Animal psychology, or animal behavior study, is the understanding of their behavior, instincts and social rituals in their natural habitat as well as in our unnatural human environment.
The foundation of animal psychology is understanding differences between instincts and learned behavior.
The types of behaviors exhibited are rich and various. Some are genetically determined, or instinctive, while others are learned behaviors.
Scientists call instinctive behavior a fixed action pattern. Fixed action patterns do not require learning or prior experience for their expression. They can, however, be very complex. For example it has been noted that a cocoon-spinning spider performs over 6000 individual movements in a virtually identical fashion each time it prepares and closes its cocoon. And all of them behave the same way and they have never learned this ability.
Fixed action patterns cannot be identified solely because they are highly stereotypic and species-specific. For example, songs of bird species fit those criteria but are actually learned behaviors, not instinctive behaviors. Birds deprived of the experience of hearing the song do not produce the characteristic song pattern. Deprivation experiments in which animals are raised without parents,or contact with their own species, have typically been used to help distinguish a behavior that is a fixed action pattern from those which are learned.
Learned behaviors of animals can be classified in various ways:
1) Associative Learning
2) Observational Learning or Modeling
3) Insight Learning
In Associative Learning an animal learns to associate one stimulus with another. There are 2 forms of associative learning. The first is described as classical conditioning and was demonstrated by Pavlov in his famous dog experiments. First he stimulated dogs to salivate by rubbing meat powder on their lips. The meat powder odor stimulated salivation as a physiological process. He then “conditioned ” dogs by ringing a bell, or a tuning fork, at the same time as applying the meat powder. He then demonstrated that the animals had become conditioned to associate the sound of the bell with the meat powder and would salivate to the noise without food present. A second form of associative learning is called operant conditioning. In operant conditioning an animal conducts a chance action e.g. pressing a lever and is rewarded with food. Rapidly the animal learns that the action leads to a food reward and will carry out the behavior repeatedly for food. This is the type of approach applied in most animal training.
Observational learning or modelling is when the animal learns a behavior through watching other animals conduct the behavior. For example,in a pack animal such as the wolf, hunting behaviors, fit this category.
Insight learning is in a sense the “highest form” of learning observed. It is the ability to problem solve or to perform a correct or appropriate behavior the first time the animal is exposed to a situation. For example a chimpanzee may stack boxes to obtain a food object hung out of its reach without ever having seen this solution to the problem before. However, it is not restricted to primates e.g. Ravens and other birds will also show insight learning.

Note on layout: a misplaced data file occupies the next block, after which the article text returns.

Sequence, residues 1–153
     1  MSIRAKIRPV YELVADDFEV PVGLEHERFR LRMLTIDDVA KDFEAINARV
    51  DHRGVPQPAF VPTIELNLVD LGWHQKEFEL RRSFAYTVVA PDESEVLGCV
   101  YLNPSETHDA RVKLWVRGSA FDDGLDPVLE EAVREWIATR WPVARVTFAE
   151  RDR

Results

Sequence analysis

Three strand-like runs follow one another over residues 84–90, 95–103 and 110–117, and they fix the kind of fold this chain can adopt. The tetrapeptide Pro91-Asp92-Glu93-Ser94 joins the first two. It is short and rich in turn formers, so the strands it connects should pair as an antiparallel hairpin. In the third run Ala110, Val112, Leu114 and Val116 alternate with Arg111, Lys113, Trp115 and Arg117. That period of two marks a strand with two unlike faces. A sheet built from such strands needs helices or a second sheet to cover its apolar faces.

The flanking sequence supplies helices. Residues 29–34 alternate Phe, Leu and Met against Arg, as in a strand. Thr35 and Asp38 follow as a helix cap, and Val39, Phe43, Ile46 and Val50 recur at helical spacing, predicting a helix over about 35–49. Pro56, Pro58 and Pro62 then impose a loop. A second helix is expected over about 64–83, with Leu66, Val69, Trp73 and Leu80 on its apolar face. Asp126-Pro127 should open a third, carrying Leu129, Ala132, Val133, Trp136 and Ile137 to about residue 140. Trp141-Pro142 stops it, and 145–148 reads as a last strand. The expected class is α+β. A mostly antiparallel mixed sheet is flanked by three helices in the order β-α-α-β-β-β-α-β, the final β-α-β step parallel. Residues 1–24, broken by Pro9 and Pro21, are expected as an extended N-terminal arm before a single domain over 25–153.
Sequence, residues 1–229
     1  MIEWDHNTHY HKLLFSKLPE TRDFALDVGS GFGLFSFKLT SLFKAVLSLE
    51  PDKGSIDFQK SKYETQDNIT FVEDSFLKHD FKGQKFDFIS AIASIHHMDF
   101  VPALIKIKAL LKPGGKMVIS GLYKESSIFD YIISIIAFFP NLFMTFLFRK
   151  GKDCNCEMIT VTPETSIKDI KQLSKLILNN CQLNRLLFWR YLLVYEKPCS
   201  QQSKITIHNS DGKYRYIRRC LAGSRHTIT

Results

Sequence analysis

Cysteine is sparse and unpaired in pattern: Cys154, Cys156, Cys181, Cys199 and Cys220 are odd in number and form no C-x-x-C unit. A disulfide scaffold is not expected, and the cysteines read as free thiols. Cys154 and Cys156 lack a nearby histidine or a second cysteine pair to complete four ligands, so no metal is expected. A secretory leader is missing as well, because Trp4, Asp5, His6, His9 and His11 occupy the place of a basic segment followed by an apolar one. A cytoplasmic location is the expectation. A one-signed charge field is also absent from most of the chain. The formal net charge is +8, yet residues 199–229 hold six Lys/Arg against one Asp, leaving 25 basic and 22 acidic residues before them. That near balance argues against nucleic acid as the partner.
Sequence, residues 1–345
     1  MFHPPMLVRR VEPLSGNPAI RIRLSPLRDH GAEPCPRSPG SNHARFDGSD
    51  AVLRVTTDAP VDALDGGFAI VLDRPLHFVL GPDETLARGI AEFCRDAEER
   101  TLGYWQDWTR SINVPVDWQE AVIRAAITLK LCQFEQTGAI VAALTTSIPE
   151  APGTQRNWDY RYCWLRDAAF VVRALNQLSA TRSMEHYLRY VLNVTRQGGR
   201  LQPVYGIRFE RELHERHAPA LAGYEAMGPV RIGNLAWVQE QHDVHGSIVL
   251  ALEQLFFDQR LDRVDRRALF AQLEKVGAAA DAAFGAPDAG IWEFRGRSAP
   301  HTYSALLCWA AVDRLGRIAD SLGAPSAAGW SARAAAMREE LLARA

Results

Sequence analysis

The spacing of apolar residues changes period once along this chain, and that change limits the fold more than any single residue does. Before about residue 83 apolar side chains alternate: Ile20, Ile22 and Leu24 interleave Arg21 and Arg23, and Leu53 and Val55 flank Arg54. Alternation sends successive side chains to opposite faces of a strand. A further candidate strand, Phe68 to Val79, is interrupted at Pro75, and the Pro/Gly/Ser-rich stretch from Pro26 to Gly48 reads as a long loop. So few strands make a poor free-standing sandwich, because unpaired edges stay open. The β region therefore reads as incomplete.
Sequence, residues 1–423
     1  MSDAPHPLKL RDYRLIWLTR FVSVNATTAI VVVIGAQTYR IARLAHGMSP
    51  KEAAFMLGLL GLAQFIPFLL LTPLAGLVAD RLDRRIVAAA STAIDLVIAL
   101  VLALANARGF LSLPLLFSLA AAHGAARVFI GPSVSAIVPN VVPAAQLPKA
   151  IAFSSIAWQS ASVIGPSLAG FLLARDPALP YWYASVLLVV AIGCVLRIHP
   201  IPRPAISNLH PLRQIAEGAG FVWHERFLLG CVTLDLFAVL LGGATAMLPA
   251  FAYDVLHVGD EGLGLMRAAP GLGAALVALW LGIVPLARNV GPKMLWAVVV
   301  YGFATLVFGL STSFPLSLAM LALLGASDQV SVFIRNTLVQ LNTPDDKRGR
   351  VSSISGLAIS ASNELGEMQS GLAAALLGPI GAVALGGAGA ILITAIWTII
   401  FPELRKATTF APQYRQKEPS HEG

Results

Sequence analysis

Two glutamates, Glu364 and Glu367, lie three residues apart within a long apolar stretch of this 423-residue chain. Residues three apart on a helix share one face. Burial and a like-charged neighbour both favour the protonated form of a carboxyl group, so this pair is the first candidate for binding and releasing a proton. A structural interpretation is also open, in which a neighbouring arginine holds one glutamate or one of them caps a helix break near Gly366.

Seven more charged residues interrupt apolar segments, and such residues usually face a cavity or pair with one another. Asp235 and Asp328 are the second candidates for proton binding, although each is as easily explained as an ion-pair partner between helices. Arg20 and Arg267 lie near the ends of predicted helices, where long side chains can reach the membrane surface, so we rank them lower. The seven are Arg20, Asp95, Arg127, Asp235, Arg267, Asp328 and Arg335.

Cognition is the ability to think. When applied in the context of animal behavior it refers to the ability of an animal to be aware of and make judgements about its environment. Are animals conscious of themselves and their place in the world? Do they feel pain, pleasure and sadness in the same way as humans? Professor Donald Griffin of Princeton has been a proponent of the concept of cognition. This views conscious thinking as an inherent and essential part of the behavior of many non-human animals. Conscious thinking has been demonstrated in non-human primates but it is a very difficult subject to study with scientific rigor. As it is written above very many complex behaviors are actually genetically determined or learned by simple associations that do not need cognition.
There is a famous study by David and Ann Premack who suggested that it is possible to teach human language to nonhuman apes. They worked with chimpanzees and a famous bonobo Kanzi to suggest that certain animals can also learn human language and can also spontaneously produce and recognize words. Some language learning has also been seen in birds like parrots but although parrots show rote learning by trial and error, chimpanzees and bonobos may just show some rudimentary form of intelligent behavior in their manipulation of language.
When a dolphin is sick or injured, its cries of distress summon immediate aid from other dolphins, who try to support it to the surface so that it can breathe.
A frightened dog puts it’s tail between it’s legs because it covers the scent glands in the anal area. Since the anal glands carry personal scents that identify individual dogs, the tail-between the-legs behavior is the canine equivalent of insecure humans hiding their faces.